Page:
November 19, 2021

A Future for the Church

I had some serious thoughts about the future of the church this afternoon, after reading about a diocese deciding to close a parish that was only able to support a half-time priest shared with another congregation. I get a sense that many in diocesan leadership are still hoping for the future church to take the same shape as the church of the past: that each parish would have a full-time priest, and be able to fund its own operation and maintain its facility, perhaps supported by some endowment funds but largely from the contributions of its own active membership. 

I don't want to sound too pessimistic, but I'm not sure that this is a reasonable expectation for the future of the church except in a few cases. I'm old enough to recall that the "norm" for the church was just that: a full-time rector, and in many cases one or more full-time paid curates, except in the smallest parishes. It should come as no surprise that many of those salaried curates have been replaced by non-stipendiary associates, often retired clergy; and not a few "rectors" are actually less-than-full-time, and retain the title without the old meaning.
I think the truth is that the church of the 50s died in the 60s, or at least fell seriously ill, and we are seeing the long-term results, not just in the small churches, but in all others apart from those heavily-endowed, or fortunate enough to subsist in urban centers where a ministry or cultural outreach supports the program, or in the few parts of the country where church-going is still considered a social duty; and I don't know how long any of these are  going to last. As someone opined recently, "they're not coming back." Once people discover they can do without the church, they do without the church — or at least the model of the church as "full-time priest and congregation."
It may be that the church of the future in much of the US will be the small parish with a part-time or chaplaincy-model (regular supply) priest and a cadre of lay leaders who carry out most of the responsibility of maintaining the church property and ministry in their community. If the church has the financial resources to do that (pay its bills, including whatever assessment is required, support a cleric at a level less than the old "rector", maintain its property and engage in meaningful ministry of some sort) I would strongly suggest that diocesan authorities should allow it to continue to exist and function at that level; not in the hope that it will bounce back to what it may have been in the 1950s but as a recognition that this may well be the future of the church for the next generation or two, if not longer. 
Taking the option of closing such a church down, selling off the property or otherwise alienating it robs not only the possible future for growth, but the present, immediate and actual future of a continued presence and ministry at a smaller, but still meaningful, scale.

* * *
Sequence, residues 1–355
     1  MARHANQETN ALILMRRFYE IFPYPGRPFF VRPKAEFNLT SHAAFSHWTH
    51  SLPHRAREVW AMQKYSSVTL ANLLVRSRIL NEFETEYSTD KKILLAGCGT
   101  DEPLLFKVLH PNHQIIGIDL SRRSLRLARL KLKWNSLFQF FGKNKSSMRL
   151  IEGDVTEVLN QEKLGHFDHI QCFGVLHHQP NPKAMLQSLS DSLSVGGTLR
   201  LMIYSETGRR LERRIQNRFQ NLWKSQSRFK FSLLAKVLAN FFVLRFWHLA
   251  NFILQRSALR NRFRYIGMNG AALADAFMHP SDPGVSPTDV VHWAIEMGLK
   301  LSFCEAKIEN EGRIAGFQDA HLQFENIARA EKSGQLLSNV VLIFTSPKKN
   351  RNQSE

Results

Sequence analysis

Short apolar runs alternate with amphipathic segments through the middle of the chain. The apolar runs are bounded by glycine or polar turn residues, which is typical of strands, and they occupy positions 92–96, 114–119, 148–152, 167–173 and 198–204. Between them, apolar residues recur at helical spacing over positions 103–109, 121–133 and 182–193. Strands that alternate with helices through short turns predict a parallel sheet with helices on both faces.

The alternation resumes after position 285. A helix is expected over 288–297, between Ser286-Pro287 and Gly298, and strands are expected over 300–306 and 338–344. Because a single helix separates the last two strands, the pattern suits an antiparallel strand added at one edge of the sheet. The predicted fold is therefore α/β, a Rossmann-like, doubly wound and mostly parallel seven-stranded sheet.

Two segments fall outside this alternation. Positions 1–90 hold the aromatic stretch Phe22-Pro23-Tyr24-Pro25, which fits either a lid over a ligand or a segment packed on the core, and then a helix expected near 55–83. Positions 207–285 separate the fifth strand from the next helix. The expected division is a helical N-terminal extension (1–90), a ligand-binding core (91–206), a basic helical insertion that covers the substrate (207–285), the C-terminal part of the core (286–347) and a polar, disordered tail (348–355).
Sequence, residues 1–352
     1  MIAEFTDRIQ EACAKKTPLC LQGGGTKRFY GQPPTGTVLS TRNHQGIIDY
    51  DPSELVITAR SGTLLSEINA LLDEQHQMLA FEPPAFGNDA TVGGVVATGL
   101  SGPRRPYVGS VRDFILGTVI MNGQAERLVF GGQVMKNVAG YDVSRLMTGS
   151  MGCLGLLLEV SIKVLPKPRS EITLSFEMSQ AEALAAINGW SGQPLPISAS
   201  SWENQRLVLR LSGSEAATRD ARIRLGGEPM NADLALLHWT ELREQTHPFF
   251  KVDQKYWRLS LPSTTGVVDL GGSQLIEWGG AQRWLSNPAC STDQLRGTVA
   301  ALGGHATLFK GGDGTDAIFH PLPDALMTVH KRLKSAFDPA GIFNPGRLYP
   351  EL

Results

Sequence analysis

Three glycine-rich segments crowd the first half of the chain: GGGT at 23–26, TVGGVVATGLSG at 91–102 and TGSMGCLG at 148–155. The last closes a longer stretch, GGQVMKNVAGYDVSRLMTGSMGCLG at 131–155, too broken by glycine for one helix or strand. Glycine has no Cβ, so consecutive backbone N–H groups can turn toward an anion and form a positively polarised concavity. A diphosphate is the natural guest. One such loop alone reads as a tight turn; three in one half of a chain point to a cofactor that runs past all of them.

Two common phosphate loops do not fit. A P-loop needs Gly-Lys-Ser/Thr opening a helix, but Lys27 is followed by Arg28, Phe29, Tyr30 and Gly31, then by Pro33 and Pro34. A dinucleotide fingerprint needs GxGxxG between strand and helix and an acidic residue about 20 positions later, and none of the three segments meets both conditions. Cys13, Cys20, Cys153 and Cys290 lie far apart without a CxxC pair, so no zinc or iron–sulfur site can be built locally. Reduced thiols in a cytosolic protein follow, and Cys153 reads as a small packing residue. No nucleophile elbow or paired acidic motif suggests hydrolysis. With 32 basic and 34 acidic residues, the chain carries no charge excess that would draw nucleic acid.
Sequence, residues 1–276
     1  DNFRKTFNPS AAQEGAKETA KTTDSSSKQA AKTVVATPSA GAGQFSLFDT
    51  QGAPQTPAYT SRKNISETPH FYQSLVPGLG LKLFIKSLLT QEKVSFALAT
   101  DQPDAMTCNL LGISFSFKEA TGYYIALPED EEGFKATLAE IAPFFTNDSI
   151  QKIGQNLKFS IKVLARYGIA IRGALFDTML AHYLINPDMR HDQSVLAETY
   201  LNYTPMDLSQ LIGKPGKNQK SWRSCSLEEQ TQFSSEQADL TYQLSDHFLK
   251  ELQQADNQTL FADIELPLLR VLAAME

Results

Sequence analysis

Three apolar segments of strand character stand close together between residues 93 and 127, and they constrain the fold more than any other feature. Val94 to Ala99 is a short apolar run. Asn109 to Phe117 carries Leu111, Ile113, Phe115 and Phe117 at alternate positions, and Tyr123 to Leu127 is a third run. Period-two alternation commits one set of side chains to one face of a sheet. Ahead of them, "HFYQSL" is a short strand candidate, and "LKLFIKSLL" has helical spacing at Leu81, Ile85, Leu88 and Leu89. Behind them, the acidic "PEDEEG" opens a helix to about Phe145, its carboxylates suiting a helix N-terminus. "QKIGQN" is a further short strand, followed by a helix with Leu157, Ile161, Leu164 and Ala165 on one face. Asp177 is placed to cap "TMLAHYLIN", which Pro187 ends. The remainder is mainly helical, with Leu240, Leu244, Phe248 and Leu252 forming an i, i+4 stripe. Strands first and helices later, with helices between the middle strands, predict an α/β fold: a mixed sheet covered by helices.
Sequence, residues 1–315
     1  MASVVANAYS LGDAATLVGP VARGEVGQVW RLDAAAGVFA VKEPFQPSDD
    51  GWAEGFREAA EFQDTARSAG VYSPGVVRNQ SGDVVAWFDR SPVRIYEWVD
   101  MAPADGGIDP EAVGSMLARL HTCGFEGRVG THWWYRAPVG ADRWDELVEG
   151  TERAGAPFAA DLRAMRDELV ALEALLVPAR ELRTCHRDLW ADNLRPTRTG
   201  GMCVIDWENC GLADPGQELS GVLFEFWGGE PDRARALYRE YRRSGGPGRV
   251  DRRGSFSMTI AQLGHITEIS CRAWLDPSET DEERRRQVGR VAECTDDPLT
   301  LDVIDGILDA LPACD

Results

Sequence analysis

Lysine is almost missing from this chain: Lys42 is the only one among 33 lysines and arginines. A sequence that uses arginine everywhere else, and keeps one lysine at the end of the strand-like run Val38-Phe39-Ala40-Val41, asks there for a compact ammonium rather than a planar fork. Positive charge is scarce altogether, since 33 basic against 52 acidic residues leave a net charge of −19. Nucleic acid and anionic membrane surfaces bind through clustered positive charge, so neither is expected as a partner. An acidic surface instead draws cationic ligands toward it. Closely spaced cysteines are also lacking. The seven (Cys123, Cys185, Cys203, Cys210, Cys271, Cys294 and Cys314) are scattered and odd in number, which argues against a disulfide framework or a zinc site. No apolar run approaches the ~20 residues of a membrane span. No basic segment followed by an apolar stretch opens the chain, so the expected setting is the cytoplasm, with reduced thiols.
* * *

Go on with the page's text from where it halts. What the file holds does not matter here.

Part of my concern is that the current metrics for judging the "success" of the church revolve around both the meaning of metrics and of success. I'm also thinking about the mismatch between a focus on the cleric and her salary (and housing and pension) as the normative deal-breaker as opposed to the liveliness of the ministry of the laity — not just in worship attendance (which seems relatively passive) but in what they do in their weekday lives: which supposedly is the mission of the church. In short, are we supporting a model of the church that is still largely clerical and "within the walls" at the expense of possible new models?
Tobias Stanislas Haller BSG


WSJM said...

A wise and perceptive essay, Tobias. I grieve at the news of "a diocese deciding to close a parish that was only able to support a half-time priest shared with another congregation." That's actually a fairly common structure in the Diocese of Iowa and elsewhere in the midwest. I'm an Old Guy, now retired, and was, I think, the last full-time rector in my last three parishes (all of which continue to be small but healthy with part-time priests-in-charge). A parish that can't flourish with a half-time priest desperately needs to learn about, and commit itself to, shared ministry. You conclude: "In short, are we supporting a model of the church that is still largely clerical and 'within the walls' at the expense of possible new models?" If so, our future is bleak.

The Rev. Canon William S. J. Moorhead
Priest Associate, Trinity Episcopal Church, Iowa City, IA 52240

Tobias Stanislas Haller BSG said...

Thank you, W., for these thoughts. I received a similar note of affirmation from another Iowan, also now "retired" — Bishop Epting. It would seem that "Dixit Iowa" is called for... :-)

Blessings to you... T.